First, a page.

Discover the power of whiteboards apps for in-school, online or hybrid learning


Written notes are awesome and colourful but I guess you probably have a limited range of two or three colours if you use a physical whiteboard whereas you’ll have a merely infinite range of colours on the aforementioned apps. Moreover, on note-taking apps such as Notability or GoodNotes, you can add rich content like images, sounds, shapes… Even a web page!


By using your iPad (or any tablet by the way),

  • You won’t turn your back to your students anymore.
  • You’ll be able to write while walking through your class (be careful though).
  • You’ll never have to erase at the end of the class your lesson (and think of it: why would we have to erase all the work we’ve done?)
  • You can send it to a missing student (simply export your board to PDF or image).
  • Students can review the lesson at their own pace (if you recorded the lesson).

How to do that?

As a start, I mentioned some great iPad apps, but here are some of the apps I use as a whiteboard and this is how I share my lesson with students.

Whiteboard apps

How to share with online students

Most of the time, when remote learning occurs, we can use the Zoom built-in whiteboard. But, as you will see down below, you can find more and more powerful whiteboard apps.

What I like in these apps

GoodNotes and Notability are great note-taking apps (and with a projector, you have a really nice whiteboard to share with all your students). And if you want to get a glimpse on the possibilities of the latter, please have a look at Tips for Online Learning Using Notability. But whatever are the qualities of these apps, they are not very good when it comes to collaboration (even the new GoodNotes features are quite limited).

I do like It’s a free and open-source project. In addition to that, you can find the code on GitHub. is a lot more elaborate. It’s free and they have a very nice privacy statement as well. Here’s an excerpt:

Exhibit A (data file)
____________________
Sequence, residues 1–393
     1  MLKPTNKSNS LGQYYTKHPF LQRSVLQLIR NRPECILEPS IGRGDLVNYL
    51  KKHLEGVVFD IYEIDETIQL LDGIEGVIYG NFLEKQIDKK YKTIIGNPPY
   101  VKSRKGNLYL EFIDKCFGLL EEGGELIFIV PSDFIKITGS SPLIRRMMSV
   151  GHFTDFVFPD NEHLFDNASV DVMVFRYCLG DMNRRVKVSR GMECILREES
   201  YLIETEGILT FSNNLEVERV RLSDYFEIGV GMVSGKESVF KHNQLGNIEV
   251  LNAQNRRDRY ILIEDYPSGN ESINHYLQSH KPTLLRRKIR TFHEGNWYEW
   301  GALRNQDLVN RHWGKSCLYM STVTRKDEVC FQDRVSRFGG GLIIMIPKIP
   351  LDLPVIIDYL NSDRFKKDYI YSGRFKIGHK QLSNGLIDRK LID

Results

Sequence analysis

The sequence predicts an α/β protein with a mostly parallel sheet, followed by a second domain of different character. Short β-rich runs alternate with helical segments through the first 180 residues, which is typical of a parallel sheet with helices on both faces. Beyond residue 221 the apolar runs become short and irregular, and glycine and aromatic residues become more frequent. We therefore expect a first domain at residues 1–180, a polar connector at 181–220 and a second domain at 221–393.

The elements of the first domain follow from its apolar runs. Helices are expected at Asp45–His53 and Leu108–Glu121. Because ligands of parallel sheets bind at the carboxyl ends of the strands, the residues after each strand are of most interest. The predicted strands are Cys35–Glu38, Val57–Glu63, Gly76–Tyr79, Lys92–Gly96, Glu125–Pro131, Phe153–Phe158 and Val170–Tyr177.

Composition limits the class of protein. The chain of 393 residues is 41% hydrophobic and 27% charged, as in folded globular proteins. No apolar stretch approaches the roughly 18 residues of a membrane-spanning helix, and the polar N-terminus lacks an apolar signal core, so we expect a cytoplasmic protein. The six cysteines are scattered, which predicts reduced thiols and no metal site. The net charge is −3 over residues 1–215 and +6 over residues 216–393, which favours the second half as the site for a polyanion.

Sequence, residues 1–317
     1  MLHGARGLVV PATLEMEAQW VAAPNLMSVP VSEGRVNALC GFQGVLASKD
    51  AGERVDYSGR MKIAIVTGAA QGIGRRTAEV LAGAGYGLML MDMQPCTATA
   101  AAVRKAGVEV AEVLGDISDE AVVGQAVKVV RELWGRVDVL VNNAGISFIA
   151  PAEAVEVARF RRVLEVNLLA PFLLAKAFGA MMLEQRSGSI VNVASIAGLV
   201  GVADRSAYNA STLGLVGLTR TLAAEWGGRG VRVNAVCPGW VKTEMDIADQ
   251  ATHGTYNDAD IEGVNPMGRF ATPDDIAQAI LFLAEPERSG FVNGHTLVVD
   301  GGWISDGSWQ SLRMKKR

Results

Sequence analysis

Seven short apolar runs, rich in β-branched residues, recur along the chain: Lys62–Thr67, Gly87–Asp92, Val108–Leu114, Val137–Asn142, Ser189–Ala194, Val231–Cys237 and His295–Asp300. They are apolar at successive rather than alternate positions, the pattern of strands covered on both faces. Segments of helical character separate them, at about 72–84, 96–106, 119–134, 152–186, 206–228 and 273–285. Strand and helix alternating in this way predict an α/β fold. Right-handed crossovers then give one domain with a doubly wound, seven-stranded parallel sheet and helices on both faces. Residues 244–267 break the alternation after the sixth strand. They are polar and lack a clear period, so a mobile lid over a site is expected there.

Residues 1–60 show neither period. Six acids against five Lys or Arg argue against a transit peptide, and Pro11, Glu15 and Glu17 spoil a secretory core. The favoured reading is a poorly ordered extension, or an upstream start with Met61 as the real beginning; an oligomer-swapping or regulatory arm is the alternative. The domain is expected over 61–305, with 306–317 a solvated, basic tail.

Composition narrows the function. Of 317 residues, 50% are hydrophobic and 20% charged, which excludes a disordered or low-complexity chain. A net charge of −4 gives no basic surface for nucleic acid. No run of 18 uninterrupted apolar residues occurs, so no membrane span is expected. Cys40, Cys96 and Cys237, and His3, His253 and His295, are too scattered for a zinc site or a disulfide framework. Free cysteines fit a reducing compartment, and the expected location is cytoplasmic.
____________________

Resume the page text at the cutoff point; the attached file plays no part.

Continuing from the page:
Whiteboard Chat

Whiteboard Chat is probably the most fascinating iteration of this kind of app since it introduces the fusion of a full collaborative whiteboard with a conferencing video app. Moreover, it’s free. It’s possible to use it without logging in, so it’s quick and handy. And there is a ton of nice features such as creating a poll, set a timer, insert math or music symbols, invite people, etc.


This one is not free (at least not completely: see the pricing on this page). In the free plan, you can create 3 whiteboards.

Tableau noir

Don’t like whiteboards? Do you prefer a blackboard? We have that too. Go to Tableaunoir, an online blackboard.

There’s more

We mentioned at the beginning of this article that we needed two apps: a videoconferencing app and a whiteboard app as well. But there is two more use of whiteboards I’d like to mention.

Explain anything to a student

This time, we are going to use a whiteboard not for the all class, but for one student only. And to do that, we are going to use a screen recording app such as Loom when we want to explain something specific which requires more than a few lines in a mail. In fact, to be able to display the work of a student and to explain the mistakes that have been made is simply extraordinary. This is something quite easy to do in a brick-and-mortar school when everyone is physically present but if you are online, this comes handy.

Record your lesson in a brief video

In class, when we are running out of time and that I don’t want to take more time to make the students write the lesson because I want to move on and work on the next activity, I choose, when I go home, to record a brief video explaining quickly what is the gist of our work so that they know what they have to learn and remember.



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Yann Houry

Yann Houry

Teacher and Director of Academic Research & Innovation @ Lycée International de Londres Winston Churchill